|Why ‘The Laramie Project’?|
|Written by Krista Lang Blackwood, Special to The Chronicle|
|Thursday, April 12 2012 11:00|
In 1993, five years before Matthew Shepard was beaten and left to die, a rock was thrown through the window of a home displaying a menorah in Billings, Mont. The people of Billings rose in silent protest and paper menorahs appeared in windows all over town.
Nothing much changed for Jewish families in Billings in the aftermath of this event. Nothing much except the reassurance that there were people in their town who had a deep capacity for compassion.
The most straightforward statement of the principle of compassion in the Torah is Leviticus 19:18; “you shall love your neighbor as yourself.” This ethic of reciprocity, this “golden rule,” is said to exist in every world religion.
And that’s fitting because the question of how to treat others is a universal human question. In a Jewish context, the ethical approach to compassion is referred to as “accomplishing a mitzvah.” In its most literal meaning, to accomplish a mitzvah is to carry out one of the 613 Commandments of Sinai. But Jewish texts and teachings take the notion of a mitzvah further; any act motivated by spontaneous kindness toward another person can be considered the moral equivalent of one of the original commandments. Translated this way, mitzvah means “good deed.”
In Pirkei Avot, Rabbi Ben Azzai is cited as saying, “Run to perform even a minor mitzvah, and flee from sin; for one mitzvah leads to another mitzvah, and one sin leads to another sin; for the consequence of a mitzvah is a mitzvah, and the consequence of a sin is a sin.”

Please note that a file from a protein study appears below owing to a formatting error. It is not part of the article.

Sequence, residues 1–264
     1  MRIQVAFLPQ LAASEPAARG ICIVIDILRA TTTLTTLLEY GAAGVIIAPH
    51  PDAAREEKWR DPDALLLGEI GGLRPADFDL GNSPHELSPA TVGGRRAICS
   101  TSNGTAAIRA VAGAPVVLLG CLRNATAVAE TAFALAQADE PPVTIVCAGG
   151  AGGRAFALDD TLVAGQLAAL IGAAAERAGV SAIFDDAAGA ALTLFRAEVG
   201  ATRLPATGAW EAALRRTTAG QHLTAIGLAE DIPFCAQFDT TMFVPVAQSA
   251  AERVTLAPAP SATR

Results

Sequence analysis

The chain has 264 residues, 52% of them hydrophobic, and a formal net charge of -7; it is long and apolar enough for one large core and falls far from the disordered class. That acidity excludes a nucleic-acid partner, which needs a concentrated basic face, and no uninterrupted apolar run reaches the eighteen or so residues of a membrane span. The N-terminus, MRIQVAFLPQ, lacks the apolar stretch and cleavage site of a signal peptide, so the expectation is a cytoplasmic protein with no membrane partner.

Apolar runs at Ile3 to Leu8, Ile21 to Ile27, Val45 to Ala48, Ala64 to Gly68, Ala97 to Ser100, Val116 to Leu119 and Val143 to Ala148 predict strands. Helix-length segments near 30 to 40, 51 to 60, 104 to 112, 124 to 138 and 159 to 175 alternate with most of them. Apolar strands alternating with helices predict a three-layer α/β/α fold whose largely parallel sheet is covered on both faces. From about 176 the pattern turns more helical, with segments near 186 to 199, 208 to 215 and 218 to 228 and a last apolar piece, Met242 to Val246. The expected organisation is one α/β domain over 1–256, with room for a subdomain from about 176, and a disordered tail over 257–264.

Run to perform even a minor mitzvah. Sometimes nothing much is a whole lot.
The problems of the world are huge and overwhelming. Watching the evening news can be bewildering; story after story about the human capacity for hate, greed and violence. Hate is complex. It’s big. It can seem unconquerable. The power of “The Laramie Project” lies in the fact that the plays do not gloss over that complexity, that largeness, that invincibility. “The Laramie Project” plays face it all head on. They don’t pretend to heal the wound with a contrived set of pat answers; instead they rip the scab forcefully off the wound and leave the audience free to decide how best to heal.
Perhaps one way to heal is to walk out of this theater newly resolved to do good deeds; to re-enter the world determined to find ways to accomplish a mitzvah. Even tiny good deeds can make a difference; holding open a door, smiling at a passerby. And if you pay enough attention to the world around you to smile or hold open a door, chances are you’ll be well-placed to notice opportunities for more good deeds.
Sometimes nothing much is a whole lot.
There’s a story in the Talmud in which a young man walks up to Rabbi Hillel and promises to convert to Judaism if the rabbi will teach him the whole Torah while standing on one foot. Hillel lifts one foot off the ground and replies, “What is hateful to you, do not do to your comrade; this is the whole Torah in its entirety; the rest is commentary: go learn.”
And, as Plato said, be kind, for everyone you meet is fighting a hard battle.